Myth does not mean a false story in the sense that I think Andrew Sullivan used it. I think it is the same sense of the word that we find in the writings of C. S. Lewis. For example, Lewis wrote:
[T]he story of Christ is simply a true myth; a myth working on us in the same way as the others, but with this tremendous difference, that it really happened, and one must be content to accept it in the same way, remembering that it is God’s Myth where the others are men’s myths
Wikipedia, under Mythology offers this:
The main characters in myths are usually gods, supernatural heroes and humans. As sacred stories, myths are often endorsed by rulers and priests and closely linked to religion or spirituality. In the society in which it is told, a myth is usually regarded as a true account of the remote past. In fact, many societies have two categories of traditional narrative, "true stories" or myths, and "false stories" or fables. Myths generally take place in a primordial age, when the world had not yet achieved its current form, and explain how the world gained its current form and how customs, institutions and taboos were established.
The so-called truth of myth is not necessarily historical truth. In this sense the Tower of Babel is a myth. We cannot know if it was real, historically. There are some ancient ziggurat foundations, the Etemenanki ziggurat just south of modern Bagdad being one, that may be the foot of the biblical tower. Annie is right, Etemenanki is visible through the facilities of Google Earth.
It should be noted that the “Tower of Babel” is not mentioned in the Bible. It is the unnamed tower of the city of Babel or perhaps more correctly, Bāb-ilim, meaning gate of the gods, or maybe Balal, meaning confused or jumbled.
This discussion of myth makes me wonder if it would not be a good word to use for much of what we say about the shroud: the myth of flower images on the cloth; the myth of dematerialization; the myth that it is the real image of the real Jesus (or dare we say mythical Jesus).
oooo…. Mythical Jesus is a dangerous one, isn’t it.
Perhaps C.S. Lewis is right but it might be best to stick with the meaning of words as the common people understand them. Otherwise confusion is inevitable.
And, the meaning of words does evolve. In fact, words can evolve very quickly. Everyone uses the word “impacted” now but I really cannot tolerate it and refuse to use it even though it’s used quite a bit. This is because I’m a nurse and the medical meaning of the word impacted is just far too vivid for me. If I could have stopped that word in it’s tracks, I would have but obviously that’s impossible. I still cringe when I hear it. People started using it about 15 or 20 years ago now? Maybe less.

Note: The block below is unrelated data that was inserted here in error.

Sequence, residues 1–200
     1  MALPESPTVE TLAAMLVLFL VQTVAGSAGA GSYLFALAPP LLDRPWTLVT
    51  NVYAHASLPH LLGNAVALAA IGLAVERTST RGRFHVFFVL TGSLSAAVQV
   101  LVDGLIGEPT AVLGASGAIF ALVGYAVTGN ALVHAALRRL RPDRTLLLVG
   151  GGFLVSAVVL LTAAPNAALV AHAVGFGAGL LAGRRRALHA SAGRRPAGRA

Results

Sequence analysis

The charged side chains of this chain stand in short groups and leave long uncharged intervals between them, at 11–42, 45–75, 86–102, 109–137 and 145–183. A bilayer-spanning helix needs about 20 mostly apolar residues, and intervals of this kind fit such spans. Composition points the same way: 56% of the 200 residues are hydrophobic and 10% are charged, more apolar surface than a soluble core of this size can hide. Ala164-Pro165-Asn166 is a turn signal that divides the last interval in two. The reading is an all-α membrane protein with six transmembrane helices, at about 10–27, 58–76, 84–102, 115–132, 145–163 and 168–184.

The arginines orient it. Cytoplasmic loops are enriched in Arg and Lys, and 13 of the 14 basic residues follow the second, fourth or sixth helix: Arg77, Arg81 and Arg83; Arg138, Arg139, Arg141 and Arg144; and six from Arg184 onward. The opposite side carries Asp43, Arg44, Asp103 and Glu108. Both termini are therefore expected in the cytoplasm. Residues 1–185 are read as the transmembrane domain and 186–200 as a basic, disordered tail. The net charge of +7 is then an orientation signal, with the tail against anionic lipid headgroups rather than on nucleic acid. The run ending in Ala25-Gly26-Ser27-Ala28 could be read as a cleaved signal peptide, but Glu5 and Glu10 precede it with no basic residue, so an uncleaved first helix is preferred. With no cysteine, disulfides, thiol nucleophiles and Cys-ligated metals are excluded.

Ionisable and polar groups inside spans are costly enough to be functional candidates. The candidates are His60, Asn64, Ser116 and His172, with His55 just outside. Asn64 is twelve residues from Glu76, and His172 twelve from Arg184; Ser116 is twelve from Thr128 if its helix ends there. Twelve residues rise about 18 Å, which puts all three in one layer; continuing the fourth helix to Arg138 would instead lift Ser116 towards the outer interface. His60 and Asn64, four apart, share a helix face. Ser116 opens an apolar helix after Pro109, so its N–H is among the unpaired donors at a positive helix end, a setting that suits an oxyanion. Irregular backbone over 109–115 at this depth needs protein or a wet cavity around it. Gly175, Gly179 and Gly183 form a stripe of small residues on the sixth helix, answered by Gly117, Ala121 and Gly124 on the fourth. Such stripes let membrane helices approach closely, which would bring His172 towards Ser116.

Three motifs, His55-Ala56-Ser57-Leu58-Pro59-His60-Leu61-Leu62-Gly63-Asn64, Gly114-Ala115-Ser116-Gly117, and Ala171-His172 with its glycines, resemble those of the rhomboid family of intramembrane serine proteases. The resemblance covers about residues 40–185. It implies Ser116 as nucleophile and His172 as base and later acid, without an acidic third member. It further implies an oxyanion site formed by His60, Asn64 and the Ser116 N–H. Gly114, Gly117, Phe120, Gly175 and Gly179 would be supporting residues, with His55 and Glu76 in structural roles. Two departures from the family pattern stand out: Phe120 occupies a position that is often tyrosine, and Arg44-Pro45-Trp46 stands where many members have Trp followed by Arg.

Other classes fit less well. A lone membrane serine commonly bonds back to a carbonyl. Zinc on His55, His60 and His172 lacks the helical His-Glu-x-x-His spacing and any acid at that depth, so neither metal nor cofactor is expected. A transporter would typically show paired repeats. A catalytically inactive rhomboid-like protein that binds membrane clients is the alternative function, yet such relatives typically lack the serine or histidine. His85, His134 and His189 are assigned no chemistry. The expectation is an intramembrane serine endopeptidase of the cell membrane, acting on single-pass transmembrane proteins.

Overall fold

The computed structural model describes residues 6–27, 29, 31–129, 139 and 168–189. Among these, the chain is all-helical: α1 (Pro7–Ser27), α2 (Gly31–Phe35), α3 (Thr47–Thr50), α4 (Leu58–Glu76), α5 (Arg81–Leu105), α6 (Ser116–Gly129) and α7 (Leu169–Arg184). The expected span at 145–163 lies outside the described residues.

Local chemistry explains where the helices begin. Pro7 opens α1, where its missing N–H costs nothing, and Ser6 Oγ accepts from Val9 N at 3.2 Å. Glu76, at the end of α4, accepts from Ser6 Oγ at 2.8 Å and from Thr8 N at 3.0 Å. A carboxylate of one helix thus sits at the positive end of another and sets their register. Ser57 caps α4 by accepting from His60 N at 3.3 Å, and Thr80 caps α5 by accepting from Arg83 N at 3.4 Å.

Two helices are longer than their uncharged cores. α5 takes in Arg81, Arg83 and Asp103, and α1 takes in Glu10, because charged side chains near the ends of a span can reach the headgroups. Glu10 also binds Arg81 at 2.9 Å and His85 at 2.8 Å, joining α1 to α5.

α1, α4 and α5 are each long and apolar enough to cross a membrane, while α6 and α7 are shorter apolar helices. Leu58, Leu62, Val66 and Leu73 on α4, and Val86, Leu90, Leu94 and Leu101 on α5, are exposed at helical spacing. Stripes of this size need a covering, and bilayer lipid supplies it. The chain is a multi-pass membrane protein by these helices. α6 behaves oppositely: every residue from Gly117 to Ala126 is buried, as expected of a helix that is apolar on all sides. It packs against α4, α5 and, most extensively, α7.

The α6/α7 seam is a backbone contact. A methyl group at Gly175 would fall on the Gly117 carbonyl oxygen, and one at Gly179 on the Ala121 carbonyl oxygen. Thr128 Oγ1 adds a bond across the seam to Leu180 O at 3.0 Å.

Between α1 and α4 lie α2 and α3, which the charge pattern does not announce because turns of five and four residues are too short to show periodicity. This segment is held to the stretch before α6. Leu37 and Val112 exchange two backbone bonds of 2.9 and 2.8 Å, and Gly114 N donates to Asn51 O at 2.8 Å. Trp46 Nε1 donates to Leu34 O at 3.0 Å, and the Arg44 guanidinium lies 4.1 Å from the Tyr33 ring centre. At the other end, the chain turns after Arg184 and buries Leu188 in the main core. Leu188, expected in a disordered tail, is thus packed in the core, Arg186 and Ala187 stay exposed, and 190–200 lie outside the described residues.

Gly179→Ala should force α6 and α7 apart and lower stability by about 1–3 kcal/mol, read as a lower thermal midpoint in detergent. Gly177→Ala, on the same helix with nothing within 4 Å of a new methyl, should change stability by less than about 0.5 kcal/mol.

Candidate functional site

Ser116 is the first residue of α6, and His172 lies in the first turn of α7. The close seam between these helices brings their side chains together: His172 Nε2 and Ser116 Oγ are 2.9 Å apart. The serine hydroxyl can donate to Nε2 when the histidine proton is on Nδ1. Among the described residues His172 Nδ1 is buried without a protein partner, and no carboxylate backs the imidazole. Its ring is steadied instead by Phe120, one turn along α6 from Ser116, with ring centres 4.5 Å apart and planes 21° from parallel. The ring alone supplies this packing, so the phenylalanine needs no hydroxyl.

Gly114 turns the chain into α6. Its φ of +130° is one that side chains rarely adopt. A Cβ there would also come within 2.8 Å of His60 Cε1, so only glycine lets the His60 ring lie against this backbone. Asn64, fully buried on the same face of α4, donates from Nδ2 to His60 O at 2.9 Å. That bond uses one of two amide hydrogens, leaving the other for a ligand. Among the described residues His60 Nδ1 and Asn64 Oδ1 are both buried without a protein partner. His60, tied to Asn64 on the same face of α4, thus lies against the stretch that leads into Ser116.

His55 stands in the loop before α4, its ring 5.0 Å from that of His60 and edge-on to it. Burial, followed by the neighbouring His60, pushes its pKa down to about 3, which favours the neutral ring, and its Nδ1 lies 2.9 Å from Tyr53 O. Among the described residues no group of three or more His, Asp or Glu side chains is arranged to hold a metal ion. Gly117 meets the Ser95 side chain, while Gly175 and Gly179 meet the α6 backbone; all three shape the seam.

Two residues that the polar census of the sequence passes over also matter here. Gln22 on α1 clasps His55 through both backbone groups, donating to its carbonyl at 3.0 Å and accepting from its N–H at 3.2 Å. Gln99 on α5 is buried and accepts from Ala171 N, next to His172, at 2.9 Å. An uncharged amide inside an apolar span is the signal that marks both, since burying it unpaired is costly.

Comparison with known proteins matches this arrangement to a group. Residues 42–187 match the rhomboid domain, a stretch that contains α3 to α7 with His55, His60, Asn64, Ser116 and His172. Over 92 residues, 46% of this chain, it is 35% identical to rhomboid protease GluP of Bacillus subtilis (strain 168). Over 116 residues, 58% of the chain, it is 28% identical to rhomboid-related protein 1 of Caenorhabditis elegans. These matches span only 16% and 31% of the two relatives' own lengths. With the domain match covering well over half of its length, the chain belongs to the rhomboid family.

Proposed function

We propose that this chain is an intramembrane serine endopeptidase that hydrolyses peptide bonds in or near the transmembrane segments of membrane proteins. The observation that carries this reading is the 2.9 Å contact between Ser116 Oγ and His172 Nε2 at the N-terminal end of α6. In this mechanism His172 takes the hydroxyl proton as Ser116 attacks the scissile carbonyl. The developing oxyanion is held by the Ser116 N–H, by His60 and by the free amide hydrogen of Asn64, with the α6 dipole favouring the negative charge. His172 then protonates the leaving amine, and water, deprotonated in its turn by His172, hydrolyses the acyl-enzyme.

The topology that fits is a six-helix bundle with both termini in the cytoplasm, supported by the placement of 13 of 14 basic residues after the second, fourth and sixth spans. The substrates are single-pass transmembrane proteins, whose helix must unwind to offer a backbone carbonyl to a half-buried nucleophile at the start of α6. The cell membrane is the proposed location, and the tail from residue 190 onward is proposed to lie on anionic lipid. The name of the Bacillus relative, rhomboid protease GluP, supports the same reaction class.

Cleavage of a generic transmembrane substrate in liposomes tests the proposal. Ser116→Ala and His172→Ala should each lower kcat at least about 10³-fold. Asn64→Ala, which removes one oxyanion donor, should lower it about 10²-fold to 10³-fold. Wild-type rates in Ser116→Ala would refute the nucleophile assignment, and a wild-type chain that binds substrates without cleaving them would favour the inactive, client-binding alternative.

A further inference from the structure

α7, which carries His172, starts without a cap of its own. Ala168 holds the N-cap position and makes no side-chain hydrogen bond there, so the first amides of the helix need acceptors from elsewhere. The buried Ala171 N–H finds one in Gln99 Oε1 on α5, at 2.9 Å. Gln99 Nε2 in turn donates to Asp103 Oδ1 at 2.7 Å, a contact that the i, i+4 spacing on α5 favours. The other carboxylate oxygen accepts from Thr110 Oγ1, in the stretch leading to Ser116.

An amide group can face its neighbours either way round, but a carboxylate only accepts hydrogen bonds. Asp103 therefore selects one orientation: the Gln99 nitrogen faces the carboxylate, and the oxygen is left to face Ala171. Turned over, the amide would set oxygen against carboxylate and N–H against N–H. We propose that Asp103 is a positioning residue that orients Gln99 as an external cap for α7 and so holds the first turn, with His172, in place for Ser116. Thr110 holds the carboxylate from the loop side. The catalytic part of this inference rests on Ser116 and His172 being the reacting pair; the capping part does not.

Or, the use of the words BAD, EVIL, WICKED are so reversed from their original meaning that I wonder if the original meanings will disappear altogether.
We enjoy a show called Bitchin Kitchen on the cooking channel, and my Mother is funny because she doesn’t want to say it out loud. We talked about it the other day and when she found out that “bitchin” is actually a compliment now-a-days, she decided maybe she could say it. But not to her grandchildren. :D
I think all this confusion over words makes it easy to understand what happened at the Tower of Babel. It is so hard for people to understand each other, even with all the words we use. Did this difficulty with communication begin at that time?? Maybe it had nothing to do with what they SAID, maybe it was how they HEARD it, and RESPONDED to it.
The Tower of Babel “myth” suggests that various languages began THEN, but I kinda think it was more a problem of being able to get along together. Because I think it’s still a major problem. Words are woefully inadequate, whether verbal or spoken: they simply do NOT do the JOB.
I look forward to heaven where it won’t be so hard for people to understand what I MEAN, and vice versa. The Bible does promise this, “for then I shall know, even as I am fully known.”
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